}


(Sorry about the iframe, WordPress won’t display the entry if I embed it in the entry)

OK, now you’ve got your 341KB of tracing, where the heck do you start? Thankfully, ‘at the start’ is not the answer.

If you don’t know the exact name of the dll that’s failing to load, the immediate thing to do is grep or search the trace for any return status starting with ‘0xc’. This prefix indicates NTSTATUS values that have a severity of ‘error’, failing to load a dll is included in this bracket. When you find one, they can be decode into readable statuses by looking for their value in ntstatus.h in the SDK, googling, or ‘winerror -s ‘ using that tool in the WDK. The format of the output is thus:

Process ID : ThreadID @ Clock Ticks - Message

Message almost always include the function name as the first thing, those always start with Ldr. These are likely undocumented functions but are named such that you can have a pretty good idea what they’re doing. Messages are also displayed in stack format. You’ll see several messages in a row for entry into various functions before messages for their return in reverse order. Yep, that’d be a stack alright.

Running Through an Example

Names feature very prominently in the info dump. If you know the dll name that’s not loading you can zero in much quicker on the relevant parts. If we run through the spew above with the short program example, the bits of it that relate to the loading of our non existant dll are:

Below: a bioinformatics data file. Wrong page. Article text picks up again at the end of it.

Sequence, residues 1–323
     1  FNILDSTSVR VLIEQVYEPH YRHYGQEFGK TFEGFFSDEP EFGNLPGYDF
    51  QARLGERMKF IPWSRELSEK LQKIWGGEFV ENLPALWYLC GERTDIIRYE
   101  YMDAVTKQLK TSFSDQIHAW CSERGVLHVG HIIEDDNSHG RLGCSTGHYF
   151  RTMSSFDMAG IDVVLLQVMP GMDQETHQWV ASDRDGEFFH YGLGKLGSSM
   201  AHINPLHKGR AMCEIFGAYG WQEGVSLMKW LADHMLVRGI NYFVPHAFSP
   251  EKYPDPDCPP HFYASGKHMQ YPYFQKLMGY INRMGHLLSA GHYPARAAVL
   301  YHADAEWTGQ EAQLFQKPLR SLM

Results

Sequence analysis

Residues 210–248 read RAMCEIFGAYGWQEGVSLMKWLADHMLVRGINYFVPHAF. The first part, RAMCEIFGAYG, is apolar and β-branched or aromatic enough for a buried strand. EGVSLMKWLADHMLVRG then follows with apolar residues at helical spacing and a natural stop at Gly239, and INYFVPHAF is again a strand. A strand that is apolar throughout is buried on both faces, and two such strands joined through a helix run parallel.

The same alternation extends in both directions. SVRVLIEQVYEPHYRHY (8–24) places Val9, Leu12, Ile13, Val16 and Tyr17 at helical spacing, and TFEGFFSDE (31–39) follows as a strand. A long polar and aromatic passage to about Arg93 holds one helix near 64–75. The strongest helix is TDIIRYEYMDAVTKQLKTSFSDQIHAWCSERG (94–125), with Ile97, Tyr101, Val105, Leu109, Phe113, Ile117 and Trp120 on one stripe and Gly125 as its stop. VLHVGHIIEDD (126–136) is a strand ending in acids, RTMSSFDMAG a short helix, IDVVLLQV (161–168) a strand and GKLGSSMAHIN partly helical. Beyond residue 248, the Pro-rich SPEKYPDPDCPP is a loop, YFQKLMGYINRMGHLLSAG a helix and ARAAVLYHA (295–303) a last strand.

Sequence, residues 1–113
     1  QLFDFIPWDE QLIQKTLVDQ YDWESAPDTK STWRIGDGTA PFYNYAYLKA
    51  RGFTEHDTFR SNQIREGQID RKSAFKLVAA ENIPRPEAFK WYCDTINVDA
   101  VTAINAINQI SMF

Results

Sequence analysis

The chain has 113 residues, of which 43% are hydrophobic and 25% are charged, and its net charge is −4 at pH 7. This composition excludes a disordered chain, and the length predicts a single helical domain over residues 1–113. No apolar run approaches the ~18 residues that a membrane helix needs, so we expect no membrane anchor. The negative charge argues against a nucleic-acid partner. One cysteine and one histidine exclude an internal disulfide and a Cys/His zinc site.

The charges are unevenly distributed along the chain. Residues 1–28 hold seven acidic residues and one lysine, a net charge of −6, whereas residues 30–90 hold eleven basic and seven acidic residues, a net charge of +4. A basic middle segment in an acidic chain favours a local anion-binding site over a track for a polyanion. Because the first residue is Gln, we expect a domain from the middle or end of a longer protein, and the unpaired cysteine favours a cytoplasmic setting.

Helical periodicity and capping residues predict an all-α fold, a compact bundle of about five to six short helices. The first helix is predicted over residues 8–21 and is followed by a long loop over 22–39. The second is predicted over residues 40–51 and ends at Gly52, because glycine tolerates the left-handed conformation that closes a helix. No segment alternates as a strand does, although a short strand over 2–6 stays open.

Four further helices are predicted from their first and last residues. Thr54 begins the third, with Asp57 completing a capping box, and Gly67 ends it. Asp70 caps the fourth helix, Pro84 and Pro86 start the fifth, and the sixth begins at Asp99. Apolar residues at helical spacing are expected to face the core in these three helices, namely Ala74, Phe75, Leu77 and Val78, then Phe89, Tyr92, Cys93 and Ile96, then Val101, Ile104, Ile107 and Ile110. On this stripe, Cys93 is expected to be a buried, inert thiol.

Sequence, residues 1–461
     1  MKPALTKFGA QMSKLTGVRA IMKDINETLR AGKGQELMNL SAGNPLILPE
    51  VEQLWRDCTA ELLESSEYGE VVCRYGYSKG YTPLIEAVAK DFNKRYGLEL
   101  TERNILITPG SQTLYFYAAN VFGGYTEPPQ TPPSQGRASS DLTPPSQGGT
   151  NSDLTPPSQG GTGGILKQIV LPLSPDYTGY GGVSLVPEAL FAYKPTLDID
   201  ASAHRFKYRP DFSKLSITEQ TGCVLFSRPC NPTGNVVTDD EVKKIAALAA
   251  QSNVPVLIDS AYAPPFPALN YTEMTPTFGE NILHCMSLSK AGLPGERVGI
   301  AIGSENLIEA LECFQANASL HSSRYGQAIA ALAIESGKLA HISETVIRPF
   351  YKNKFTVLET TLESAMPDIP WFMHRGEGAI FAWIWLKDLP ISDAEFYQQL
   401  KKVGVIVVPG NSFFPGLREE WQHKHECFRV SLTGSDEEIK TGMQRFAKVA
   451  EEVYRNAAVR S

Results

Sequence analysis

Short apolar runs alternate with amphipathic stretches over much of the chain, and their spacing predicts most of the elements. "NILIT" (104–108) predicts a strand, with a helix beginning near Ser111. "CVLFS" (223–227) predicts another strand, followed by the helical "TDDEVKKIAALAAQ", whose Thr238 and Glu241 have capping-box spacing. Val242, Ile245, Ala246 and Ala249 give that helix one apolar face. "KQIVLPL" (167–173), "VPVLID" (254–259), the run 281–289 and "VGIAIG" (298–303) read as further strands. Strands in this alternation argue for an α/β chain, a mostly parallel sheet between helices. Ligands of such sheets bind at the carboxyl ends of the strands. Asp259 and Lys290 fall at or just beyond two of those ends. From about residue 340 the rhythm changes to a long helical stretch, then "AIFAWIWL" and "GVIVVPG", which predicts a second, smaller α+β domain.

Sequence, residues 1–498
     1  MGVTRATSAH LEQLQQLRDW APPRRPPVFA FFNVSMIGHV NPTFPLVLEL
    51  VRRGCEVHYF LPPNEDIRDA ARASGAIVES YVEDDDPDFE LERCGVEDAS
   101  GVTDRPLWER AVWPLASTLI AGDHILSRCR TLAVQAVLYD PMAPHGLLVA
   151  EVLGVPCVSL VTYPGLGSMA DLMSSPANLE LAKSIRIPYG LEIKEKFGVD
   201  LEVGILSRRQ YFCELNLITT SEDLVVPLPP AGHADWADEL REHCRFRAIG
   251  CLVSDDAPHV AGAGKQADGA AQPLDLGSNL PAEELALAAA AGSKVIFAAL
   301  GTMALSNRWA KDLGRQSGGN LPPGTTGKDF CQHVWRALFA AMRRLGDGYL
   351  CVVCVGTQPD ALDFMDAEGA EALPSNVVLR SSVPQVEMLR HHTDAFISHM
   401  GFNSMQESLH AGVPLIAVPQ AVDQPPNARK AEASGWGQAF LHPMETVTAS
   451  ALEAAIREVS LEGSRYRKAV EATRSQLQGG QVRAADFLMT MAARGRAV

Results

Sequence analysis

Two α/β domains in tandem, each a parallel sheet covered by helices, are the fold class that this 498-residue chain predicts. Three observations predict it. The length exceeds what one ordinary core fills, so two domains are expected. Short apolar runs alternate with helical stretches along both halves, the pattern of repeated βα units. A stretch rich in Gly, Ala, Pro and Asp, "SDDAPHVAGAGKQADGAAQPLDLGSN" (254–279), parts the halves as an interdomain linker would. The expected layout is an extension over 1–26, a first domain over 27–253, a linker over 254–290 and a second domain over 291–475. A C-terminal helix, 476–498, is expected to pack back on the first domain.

0f60:0e10 @ 04964295 - LdrLoadDll - ENTER: DLL name: sdfghj.dll DLL path: f:\Dev-Cpp\Projects\Test\Adjustor\x64\Release;C:\Windows\system32;C:\Windows\system;C:\Windows;.;C:\Windows\system32;C:\Windows;C:\Windows\System32\Wbem;C:\Windows\System32\WindowsPowerShell\v1.0\;C:\Program Files (x86)\Subversion\bin;F:\Dev-Cpp\Projects;G:\Microsoft Visual Studio 9.0\VC\bin\amd64
0f60:0e10 @ 04964295 - LdrpLoadDll - ENTER: DLL name: sdfghj.dll DLL path: f:\Dev-Cpp\Projects\Test\Adjustor\x64\Release;C:\Windows\system32;C:\Windows\system;C:\Windows;.;C:\Windows\system32;C:\Windows;C:\Windows\System32\Wbem;C:\Windows\System32\WindowsPowerShell\v1.0\;C:\Program Files (x86)\Subversion\bin;F:\Dev-Cpp\Projects;G:\Microsoft Visual Studio 9.0\VC\bin\amd64
0f60:0e10 @ 04964295 - LdrpLoadDll - INFO: Loading DLL sdfghj.dll from path f:\Dev-Cpp\Projects\Test\Adjustor\x64\Release;C:\Windows\system32;C:\Windows\system;C:\Windows;.;C:\Windows\system32;C:\Windows;C:\Windows\System32\Wbem;C:\Windows\System32\WindowsPowerShell\v1.0\;C:\Program Files (x86)\Subversion\bin;F:\Dev-Cpp\Projects;G:\Microsoft Visual Studio 9.0\VC\bin\amd64
0f60:0e10 @ 04964295 - LdrpFindOrMapDll - ENTER: DLL name: sdfghj.dll DLL path: f:\Dev-Cpp\Projects\Test\Adjustor\x64\Release;C:\Windows\system32;C:\Windows\system;C:\Windows;.;C:\Windows\system32;C:\Windows;C:\Windows\System32\Wbem;C:\Windows\System32\WindowsPowerShell\v1.0\;C:\Program Files (x86)\Subversion\bin;F:\Dev-Cpp\Projects;G:\Microsoft Visual Studio 9.0\VC\bin\amd64